I love reading Sarah Sundin’s historical fiction novels and that’s why I was excited to read her newest book When Twilight Breaks. This story starts before the beginning of World War II. Unlike her earlier WWII novels, this story is not focused on characters in the military.
Evelyn Brand is an American correspondent for American News Service based in Munich, Germany in 1938. She has a few strikes against her, she’s a woman, young, and will do whatever it takes to get a story. Evelyn wants to expose the truth of what’s she’s seeing no matter whose toes she’s stepping on. Denied the opportunity to go where the action is at, Evelyn was sent to do a softball story about American students and their experiences at the University of Munich. It’s there that Evelyn meets Peter Lang who is working on his Ph.D. in German. Evelyn and Peter couldn’t be much different. He appreciates what he sees in Germany, the changes that have happened since 1932 with prosperity, no unemployment, seemingly secure and very orderly. Peter takes a fancy to Evelyn, though it’s not mutual, he is not easily deterred.
I struggled a bit with this book. Evelyn’s character was rather off-putting. She came across as judgmental and a know-it-all. I felt like I was reading a story with a modern-day woman being put in the middle of a story in the 1930’s. Something that’s common in today’s movies and TV shows is to portray men as being inferior to women. I almost felt like that was what I was seeing and it surprised me in a book from an author who is Christian. Evelyn was shown to have the moral high ground in recognizing the wrong road Germany was headed down. Peter was depicted as someone who was somewhat blind to the changing atmosphere in Germany.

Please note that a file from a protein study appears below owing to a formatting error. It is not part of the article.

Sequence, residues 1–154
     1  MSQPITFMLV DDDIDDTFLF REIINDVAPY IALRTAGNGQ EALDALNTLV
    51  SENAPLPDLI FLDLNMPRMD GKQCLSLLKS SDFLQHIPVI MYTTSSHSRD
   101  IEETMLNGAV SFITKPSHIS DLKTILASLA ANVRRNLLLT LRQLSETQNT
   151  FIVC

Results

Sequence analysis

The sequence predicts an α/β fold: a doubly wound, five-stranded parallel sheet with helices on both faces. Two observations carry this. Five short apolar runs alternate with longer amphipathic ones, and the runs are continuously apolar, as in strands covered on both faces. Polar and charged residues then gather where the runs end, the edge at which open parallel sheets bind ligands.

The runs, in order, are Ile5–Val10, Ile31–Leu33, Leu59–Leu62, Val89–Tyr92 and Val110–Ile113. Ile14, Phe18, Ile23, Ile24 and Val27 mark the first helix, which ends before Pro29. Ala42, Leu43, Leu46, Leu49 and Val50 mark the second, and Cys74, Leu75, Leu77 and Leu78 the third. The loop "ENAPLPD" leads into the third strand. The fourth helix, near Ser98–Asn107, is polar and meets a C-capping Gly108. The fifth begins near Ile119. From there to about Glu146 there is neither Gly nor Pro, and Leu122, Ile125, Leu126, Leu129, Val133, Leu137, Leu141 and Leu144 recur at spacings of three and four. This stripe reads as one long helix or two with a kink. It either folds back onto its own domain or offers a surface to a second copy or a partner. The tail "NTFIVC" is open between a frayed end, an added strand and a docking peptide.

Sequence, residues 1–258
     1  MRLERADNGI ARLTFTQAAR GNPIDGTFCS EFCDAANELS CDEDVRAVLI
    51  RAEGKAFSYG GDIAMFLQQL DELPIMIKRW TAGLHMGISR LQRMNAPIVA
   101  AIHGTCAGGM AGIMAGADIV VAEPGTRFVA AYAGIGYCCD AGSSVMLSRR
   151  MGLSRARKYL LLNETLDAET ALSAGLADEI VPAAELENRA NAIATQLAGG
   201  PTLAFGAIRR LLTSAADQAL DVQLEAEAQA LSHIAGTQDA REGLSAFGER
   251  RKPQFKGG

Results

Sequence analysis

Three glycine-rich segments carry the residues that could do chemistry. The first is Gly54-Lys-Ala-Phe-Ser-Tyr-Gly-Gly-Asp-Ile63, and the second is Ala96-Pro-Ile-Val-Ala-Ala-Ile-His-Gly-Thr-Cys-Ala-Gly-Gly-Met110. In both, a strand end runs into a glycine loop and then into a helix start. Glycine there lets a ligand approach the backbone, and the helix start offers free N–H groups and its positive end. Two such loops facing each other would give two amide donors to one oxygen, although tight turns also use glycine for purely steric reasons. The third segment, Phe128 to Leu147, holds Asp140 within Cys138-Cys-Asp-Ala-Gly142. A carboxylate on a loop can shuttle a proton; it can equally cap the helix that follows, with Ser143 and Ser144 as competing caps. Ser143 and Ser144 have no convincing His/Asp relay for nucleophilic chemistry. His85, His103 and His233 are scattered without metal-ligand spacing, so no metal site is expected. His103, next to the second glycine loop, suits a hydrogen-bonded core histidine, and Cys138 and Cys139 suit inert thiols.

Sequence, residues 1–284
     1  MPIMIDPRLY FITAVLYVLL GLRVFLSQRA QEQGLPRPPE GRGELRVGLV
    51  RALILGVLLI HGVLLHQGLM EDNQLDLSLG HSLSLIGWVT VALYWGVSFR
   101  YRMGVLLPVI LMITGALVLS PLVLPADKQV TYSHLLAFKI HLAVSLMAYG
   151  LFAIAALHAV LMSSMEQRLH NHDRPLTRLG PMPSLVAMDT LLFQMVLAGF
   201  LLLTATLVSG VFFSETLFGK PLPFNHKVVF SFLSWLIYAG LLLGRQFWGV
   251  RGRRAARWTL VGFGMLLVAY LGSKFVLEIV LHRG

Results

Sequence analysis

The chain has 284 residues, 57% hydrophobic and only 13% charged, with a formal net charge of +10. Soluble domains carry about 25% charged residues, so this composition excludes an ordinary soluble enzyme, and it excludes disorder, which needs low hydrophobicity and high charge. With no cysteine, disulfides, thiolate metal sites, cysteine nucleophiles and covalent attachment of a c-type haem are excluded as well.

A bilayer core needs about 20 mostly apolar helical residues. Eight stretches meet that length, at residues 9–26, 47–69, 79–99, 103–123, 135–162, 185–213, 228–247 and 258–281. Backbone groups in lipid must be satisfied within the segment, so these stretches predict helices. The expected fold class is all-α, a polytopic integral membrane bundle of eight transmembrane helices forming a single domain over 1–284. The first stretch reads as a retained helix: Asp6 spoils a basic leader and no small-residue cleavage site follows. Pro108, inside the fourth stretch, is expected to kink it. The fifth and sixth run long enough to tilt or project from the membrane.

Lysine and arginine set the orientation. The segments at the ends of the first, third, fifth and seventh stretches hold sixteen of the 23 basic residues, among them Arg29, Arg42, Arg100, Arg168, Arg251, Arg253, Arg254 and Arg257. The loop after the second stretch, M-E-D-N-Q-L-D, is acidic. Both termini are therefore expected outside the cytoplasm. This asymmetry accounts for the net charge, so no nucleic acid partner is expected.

My favorite character was Peter. Though he was slow to start seeing the growing threat to Jewish people in Germany, once he recognized it, he didn’t hesitate to try to help people who were being victimized. He was kind, caring, patient, and ready to put his life on the line and risk everything he had worked for to help a friend in need.
I did like the secondary characters, Evelyn’s friend Elizabeth White, Herr Gold and Peter’s friends the Schreiber family, and Paul and Simone Aubrey. There were some heartwarming and good surprises about friends as well as vile words and behavior from so-called friends.
Regarding the Christian faith, there wasn’t a lot about faith included in When Twilight Breaks. It was “Christian lite” on the substance of faith and the Gospel was not shared. I think the book would have been richer if that element of the story had been developed.
The views of men and women in this book seem to reflect a more secular view from today’s culture. I was pleasantly surprised by the change in Evelyn. At first, she seemed selfish and ready to put people at risk for her cause, but later she learned the importance of being interdependent and putting others first.
It was somewhat eerie reading about the growing intolerance for people who were deemed inferior since we are beginning to see that in our own Country. A good warning to not go down that path.
I had mixed feelings about this book. I liked the character Peter and grew to appreciate Evelyn’s passion to get the truth out about what was happening in Germany. It made me think about what it must have been like for the people living in Germany, both the Jewish people who were being persecuted and the German citizens who saw what was going on. I found it both sobering and terrifying.
I wasn’t keen on the feminist aspects of this book, especially in light of it being written by a Christian author and published by a company that publishes Christian books and authors.
Would I recommend When Twilight Breaks? I like Sarah Sundin’s writing, she’s a good storyteller. However, I think this book was not as good as some of her other books because of what felt like a feminist agenda as opposed to telling a story. It was informative, disturbing, and interesting to see the progression of Germany going down the wrong road.
I would like to thank Revell Publishing Group and NetGalley for the opportunity to read When Twilight Breaks by Sarah Sundin. I was under no obligation to give a favorable review.